Wrapping it Up: TeiDisplay and Collaborative Mentoring with UT/UVa

I’m very excited to announce that my colleague Zane and I have completed our work on the TeiDisplay plugin for Omeka! It’s been a little while since I last posted, so if you’d like some background, check out our previous posts on this collaboration between the Scholars’ Lab and the University of Texas School of Information. We have made several changes/additions, though the final product isn’t quite ready for release yet.

– We fixed a few bugs in the import process from the TEI Header to Omeka’s Dublin Core fields. Additionally, we created a map detailing which fields correspond to which elements. This map also explains how users can customize the import process if the current setup is not optimized for their documents.

– The main XSLT stylesheet now supports every element in the TEI Lite customization. We also reorganized it, adding headers to correspond with the headers in the TEI Lite documentation where particular elements are discussed, so that those who are familiar with XSLT can find and edit elements easily. At a minimum, in the transformation process each tag is given a <span class=”TagName”>, and many have additional styles as well. This way, we guarantee that a defined set of elements will render in the document. Users unfamiliar with XSLT can also use these span classes to customize the style of their documents using CSS.

– Some of the elements that have been styled for more than just a span class may special requirements in order to render, such as specific attributes that need to be included in the TEI text. We have written a series of formatting tips to help users understand what the XSLT is looking for when it attempts to render the documents.

– The plugin now has functionality to link TEI text to corresponding page images. This is done using the @facs attribute with the <pb> element. Further details on how to use this feature are provided in the documentation.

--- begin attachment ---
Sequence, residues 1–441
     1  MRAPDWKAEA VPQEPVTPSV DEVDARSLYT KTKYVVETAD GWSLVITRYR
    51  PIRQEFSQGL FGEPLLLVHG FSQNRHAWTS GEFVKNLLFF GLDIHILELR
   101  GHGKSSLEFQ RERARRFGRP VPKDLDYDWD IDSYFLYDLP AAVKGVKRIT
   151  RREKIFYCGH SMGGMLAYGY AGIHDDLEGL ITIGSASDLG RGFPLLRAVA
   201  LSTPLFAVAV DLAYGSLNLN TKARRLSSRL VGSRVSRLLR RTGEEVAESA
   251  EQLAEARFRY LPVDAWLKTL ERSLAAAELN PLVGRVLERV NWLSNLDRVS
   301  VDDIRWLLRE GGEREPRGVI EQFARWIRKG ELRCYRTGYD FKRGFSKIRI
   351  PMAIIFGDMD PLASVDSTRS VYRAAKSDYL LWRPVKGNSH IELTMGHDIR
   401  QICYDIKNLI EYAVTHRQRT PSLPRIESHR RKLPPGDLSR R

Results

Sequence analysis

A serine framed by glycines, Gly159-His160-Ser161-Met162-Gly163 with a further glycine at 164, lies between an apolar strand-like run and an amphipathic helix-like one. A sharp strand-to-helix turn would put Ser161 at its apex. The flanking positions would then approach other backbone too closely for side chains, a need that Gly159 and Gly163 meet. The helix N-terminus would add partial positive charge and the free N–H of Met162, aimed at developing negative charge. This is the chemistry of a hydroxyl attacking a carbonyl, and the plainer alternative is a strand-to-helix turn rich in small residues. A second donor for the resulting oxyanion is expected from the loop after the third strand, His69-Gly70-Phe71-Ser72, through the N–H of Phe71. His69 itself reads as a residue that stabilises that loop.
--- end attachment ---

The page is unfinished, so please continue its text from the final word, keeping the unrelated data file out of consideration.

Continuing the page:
– We outlined a number of small changes that a user can make outside of the plugin code itself in order to improve functionality. For example, when displaying longer documents, users might wish to create an anchor that allows readers to jump directly from the top of the page to view the item metadata, which is usually at the bottom. This is done on one of the Omeka PHP documents, so it isn’t officially part of the TeiDisplay package, but we include the appropriate code in our documentation and describe where to put it.

– We’ve written a number of troubleshooting tips, as well as a more detailed guide to installing the plugin and updating documents.

I’m very happy with the changes we made to the plugin, but I think that overall, they were not as extensive as I expected going in. I think the real value added with this project was the extensive documentation we’ve created, as well as a demo site that gives examples of the plugin in action. Armed with this documentation, users will not only be able to better understand how the plugin works with their documents out of the box, but they will also be better able to customize it to fit their needs.

Over the coming months the Scholars’ Lab will be conducting more rigorous testing of the plugin as well as making some other additions. Hopefully, the final product will be ready late this summer.

Thanks very much to Wayne and Bethany at the Scholars’ Lab, and to our adviser Tanya Clement at UT, for giving us the opportunity to be a part of this project!

Carin Yavorcik is an information studies graduate student at the University of Texas at Austin, where she is especially interested in archives and digital collections. She is currently working with the Scholars' Lab on a TEI plugin for Omeka.


  1. Hi Carin,

    We are interested in this plugin and would like to know if you have any plan to upgrade it to Omeka 2.x.